Journalist Perihan Magden Acquitted of Charges of Criticizing Turkish Government

Posted on August 1, 2006

Turkish journalist and writer Perihan Magden has been acquitted of charges under Article 301 of the Turkish consitution, which allows no criticism of the government or its policies.

Istanbul's second criminal court of first instance ruled yesterday that an article defending the rights of a conscientious objector amounted to "heavy criticism conveyed within the scope of freedom of expression" and did not constitute a crime.

In her column, published in the weekly Yeni Aktuel magazine last December, Magden defended conscientious objector Mehmet Tarhan who was sentenced to a record four-year term in a military prison for disobedience after refusing to wear his military uniform. She argued that Turkey needed to establish a civilian service as an alternative to compulsory military conscription.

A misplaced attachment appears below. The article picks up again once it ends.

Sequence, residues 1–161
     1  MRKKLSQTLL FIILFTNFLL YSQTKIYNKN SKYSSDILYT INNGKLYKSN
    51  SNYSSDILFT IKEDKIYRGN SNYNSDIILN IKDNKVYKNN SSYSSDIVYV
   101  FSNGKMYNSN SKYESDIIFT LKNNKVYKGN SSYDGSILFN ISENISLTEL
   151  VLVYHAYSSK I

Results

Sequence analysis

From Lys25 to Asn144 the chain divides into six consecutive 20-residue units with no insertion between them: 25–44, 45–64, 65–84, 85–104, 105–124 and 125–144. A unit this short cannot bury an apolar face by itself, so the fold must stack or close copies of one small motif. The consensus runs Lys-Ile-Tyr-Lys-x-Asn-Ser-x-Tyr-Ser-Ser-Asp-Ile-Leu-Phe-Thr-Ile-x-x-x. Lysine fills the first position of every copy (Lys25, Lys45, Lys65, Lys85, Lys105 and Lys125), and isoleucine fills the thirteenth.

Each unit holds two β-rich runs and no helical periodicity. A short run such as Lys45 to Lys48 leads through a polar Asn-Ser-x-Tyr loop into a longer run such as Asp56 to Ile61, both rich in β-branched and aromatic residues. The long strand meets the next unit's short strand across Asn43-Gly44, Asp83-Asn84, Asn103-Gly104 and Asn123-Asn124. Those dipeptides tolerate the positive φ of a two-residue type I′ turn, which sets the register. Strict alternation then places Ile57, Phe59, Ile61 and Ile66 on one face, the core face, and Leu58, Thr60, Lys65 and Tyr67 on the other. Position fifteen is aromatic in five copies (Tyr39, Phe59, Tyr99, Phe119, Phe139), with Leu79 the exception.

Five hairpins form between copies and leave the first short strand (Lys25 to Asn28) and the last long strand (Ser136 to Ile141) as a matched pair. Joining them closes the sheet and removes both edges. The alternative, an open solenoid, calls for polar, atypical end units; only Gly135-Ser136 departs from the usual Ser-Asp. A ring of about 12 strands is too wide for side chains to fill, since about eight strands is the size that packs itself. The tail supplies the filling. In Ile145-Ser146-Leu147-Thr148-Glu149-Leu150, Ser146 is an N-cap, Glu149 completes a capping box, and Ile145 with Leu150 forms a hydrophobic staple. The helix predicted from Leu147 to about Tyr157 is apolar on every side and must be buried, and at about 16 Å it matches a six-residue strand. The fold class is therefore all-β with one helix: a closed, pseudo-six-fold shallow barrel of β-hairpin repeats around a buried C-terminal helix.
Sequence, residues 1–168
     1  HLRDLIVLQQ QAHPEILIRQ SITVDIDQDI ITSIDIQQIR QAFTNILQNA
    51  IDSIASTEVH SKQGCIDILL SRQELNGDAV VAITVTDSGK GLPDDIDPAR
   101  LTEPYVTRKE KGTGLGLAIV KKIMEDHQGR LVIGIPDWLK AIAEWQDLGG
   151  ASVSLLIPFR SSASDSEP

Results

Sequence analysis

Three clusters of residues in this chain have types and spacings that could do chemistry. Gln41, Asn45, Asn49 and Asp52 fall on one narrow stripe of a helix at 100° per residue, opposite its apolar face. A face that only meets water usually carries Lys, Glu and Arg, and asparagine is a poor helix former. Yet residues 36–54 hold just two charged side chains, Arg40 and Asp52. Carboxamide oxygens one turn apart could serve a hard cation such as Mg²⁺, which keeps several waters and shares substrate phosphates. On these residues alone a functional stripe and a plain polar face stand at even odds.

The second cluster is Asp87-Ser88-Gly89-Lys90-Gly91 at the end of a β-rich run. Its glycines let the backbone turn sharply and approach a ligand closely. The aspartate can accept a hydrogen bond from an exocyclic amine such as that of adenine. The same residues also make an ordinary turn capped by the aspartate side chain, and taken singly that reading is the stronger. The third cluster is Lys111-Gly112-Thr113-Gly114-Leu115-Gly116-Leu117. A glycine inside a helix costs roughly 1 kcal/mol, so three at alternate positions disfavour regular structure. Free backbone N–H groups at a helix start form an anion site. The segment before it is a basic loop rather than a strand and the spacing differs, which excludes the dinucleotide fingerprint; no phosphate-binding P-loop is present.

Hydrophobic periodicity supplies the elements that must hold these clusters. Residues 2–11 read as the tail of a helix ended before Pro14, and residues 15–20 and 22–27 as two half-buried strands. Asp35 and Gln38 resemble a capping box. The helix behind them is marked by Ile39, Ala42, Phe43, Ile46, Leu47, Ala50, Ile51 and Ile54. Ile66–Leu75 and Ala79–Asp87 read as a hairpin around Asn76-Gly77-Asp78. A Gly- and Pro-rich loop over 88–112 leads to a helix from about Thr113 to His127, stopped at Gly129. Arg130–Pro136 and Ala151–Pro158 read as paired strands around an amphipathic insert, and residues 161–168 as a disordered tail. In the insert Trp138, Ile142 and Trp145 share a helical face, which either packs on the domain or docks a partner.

Magden is one of a string of writers and journalists to stand trial for expressing opinions. Earlier this month the case against the bestselling author Elif Shafak, charged under Article 301 for "insulting Turkishness" in her latest novel, was reopened.

The novelist Orhan Pamuk faced similar charges for commenting on the mass killings of Armenians by Turks around the time of the first world war. The charges against Pamuk were dropped for technical reasons late last year amid intense international pressure.

Turkey clearly has no intention of changing its policies and only acquitted Perihan Magden because a conviction would probably stop Turkey from being allowed in the European Union. And if the EU decides to let Turkey in the union, no doubt the country will start a new, brutal clampdown on writers and journalists.

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